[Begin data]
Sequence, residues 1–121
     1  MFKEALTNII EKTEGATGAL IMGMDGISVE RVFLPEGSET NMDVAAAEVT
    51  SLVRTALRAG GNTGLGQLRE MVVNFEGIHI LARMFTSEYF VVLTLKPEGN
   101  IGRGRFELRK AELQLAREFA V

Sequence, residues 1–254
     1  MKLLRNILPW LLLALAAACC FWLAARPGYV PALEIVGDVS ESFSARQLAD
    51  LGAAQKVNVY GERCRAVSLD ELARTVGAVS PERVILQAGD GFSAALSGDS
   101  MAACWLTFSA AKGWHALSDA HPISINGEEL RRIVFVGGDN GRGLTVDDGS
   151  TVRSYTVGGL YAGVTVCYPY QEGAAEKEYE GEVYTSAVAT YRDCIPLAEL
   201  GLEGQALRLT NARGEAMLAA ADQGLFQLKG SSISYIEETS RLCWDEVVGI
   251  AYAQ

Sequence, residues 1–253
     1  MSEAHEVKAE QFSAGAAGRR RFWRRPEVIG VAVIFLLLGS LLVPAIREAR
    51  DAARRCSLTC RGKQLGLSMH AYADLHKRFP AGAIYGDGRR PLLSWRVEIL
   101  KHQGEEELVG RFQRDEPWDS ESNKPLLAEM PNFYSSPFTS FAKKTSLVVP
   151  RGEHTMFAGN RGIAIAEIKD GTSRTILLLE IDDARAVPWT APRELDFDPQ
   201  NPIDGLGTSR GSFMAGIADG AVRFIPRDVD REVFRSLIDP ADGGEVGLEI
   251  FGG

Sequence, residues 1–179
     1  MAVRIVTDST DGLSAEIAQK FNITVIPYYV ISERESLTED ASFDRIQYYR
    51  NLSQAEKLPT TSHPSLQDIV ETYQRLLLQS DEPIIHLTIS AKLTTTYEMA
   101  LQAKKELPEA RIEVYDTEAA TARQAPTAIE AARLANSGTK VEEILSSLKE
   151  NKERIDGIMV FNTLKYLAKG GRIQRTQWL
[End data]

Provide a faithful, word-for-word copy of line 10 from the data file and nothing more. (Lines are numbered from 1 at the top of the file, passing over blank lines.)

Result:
   201  GLEGQALRLT NARGEAMLAA ADQGLFQLKG SSISYIEETS RLCWDEVVGI